If you find yourself getting peckish, then we recommend grabbing a bite to eat at The Old Sail Loft. We love this fish-forward restaurant, which serves family favourites using the amazing fresh catch available in Looe. If you can’t wait, why not check out their amazing Seafood Tagliatelle Recipe?
Day 3 - St Austell
St Austell is often overlooked in tourists’ haste to get to the Eden Project. We’ve got that next on our itinerary, don’t worry, but first, we recommend you take some time to explore the local area. Many get put off by the town centre, which has been jokingly referred to as “St Awfull” by locals. However, the surrounding areas more than make up for any of the town’s shortcomings.
Head down to the port in Charlestown, which has been used as a film location for Poldark, or head to some of the incredible nearby beaches. There’s always something to see at the port, with boats regularly docking and leaving. We recommend grabbing a cup of coffee or bringing a thermos before indulging in a bit of people watching.
There are also plenty of other cute fishing villages within a stone’s throw of St Austell. If you’re feeling adventurous, why not pack a picnic and head to Mevagissey, just a few miles down the coast. It used to be the centre of the Cornish Pilchard industry, so is the perfect place to sample the amazing fresh seafood.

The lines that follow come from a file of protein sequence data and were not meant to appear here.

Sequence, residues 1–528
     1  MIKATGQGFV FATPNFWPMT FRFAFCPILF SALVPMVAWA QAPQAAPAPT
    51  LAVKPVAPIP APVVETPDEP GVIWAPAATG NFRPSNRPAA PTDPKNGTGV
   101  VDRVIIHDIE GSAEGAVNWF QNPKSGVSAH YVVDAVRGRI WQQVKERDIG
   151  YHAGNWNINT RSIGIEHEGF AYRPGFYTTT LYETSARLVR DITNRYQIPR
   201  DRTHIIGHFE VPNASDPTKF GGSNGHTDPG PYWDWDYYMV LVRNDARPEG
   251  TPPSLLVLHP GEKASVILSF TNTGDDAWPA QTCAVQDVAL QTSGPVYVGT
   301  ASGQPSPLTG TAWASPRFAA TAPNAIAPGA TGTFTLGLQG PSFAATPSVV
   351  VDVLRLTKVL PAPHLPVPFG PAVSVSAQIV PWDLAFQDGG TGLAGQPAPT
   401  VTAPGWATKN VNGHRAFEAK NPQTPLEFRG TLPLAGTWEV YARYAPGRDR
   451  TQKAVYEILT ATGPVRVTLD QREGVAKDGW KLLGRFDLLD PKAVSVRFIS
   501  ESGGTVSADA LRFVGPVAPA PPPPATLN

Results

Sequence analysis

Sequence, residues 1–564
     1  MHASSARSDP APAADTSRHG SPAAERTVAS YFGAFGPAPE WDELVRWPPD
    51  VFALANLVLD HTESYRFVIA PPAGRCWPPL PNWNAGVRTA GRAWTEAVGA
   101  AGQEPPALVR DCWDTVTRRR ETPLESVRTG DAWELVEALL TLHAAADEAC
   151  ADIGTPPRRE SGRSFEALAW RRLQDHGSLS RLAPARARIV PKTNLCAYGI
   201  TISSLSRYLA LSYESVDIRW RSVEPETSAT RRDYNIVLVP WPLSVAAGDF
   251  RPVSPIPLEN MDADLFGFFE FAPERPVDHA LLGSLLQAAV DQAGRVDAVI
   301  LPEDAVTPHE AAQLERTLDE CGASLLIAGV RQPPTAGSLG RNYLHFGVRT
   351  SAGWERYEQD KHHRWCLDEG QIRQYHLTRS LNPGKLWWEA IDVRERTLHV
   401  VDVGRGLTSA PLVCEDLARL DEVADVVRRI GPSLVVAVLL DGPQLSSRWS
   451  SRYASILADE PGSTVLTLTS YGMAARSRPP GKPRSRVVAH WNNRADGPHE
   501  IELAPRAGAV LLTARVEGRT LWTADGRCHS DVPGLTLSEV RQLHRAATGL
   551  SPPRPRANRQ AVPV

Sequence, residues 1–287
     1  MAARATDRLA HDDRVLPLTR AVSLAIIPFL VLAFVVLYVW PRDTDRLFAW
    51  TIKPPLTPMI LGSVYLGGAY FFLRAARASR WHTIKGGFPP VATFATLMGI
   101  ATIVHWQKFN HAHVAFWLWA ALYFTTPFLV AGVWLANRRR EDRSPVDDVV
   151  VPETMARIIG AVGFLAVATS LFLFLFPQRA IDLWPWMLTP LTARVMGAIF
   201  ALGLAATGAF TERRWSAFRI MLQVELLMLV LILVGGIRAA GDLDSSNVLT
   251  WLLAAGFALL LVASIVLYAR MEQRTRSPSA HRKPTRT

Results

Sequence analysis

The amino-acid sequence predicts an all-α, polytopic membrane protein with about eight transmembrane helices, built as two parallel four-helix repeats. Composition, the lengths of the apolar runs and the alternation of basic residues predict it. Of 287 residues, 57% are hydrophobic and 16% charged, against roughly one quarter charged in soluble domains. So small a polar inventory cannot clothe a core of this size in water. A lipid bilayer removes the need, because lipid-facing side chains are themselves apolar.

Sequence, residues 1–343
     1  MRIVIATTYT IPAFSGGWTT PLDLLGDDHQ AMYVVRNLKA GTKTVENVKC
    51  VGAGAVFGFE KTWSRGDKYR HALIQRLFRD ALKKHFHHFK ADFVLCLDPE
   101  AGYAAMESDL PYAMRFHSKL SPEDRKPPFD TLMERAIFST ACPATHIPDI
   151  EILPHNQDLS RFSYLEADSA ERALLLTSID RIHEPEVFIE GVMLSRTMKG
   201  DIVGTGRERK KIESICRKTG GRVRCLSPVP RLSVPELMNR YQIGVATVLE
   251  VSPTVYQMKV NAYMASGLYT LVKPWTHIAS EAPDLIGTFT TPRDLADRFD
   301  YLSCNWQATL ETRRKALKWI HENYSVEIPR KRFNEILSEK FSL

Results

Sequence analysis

Day 4 - The Eden Project
A favourite tourist destination for visitors from around the world, it’s easy to see why this green oasis is so popular. You could easily spend a week exploring everything on offer at The Eden Project, but we’re giving you just a day in this jam-packed itinerary.
A particular favourite with kids, there are loads of talks, activities and games to play, as well as acres and acres of nature to explore. With its famous domes, the Eden Project isn’t weather-dependent, but there’s lots to enjoy in the great outdoors if it’s a sunny day. Even big kids and grownups will learn something new with exhibits about sustainability and science, as well as agriculture and plants more generally.
The restaurants at The Eden Project are worth the trip all by themselves, with plenty of dietary options on offer as well as loads of fresh local produce. You can also bring a picnic to enjoy if you’d prefer. There’s also a gift shop that is second-to-none, so make sure you leave plenty of time for shopping!
Day 5 - Truro
Truro is the county town of Cornwall, and is well worth a visit with its mostly-low skyline dominated by a very pretty cathedral. There are plenty of pretty shopping streets to explore in the town, and we definitely recommend following your nose and finding a fresh Cornish pasty. One of our favourites is the traditional Oggy Oggy Pasty Shop on River Street, but there are plenty of options around.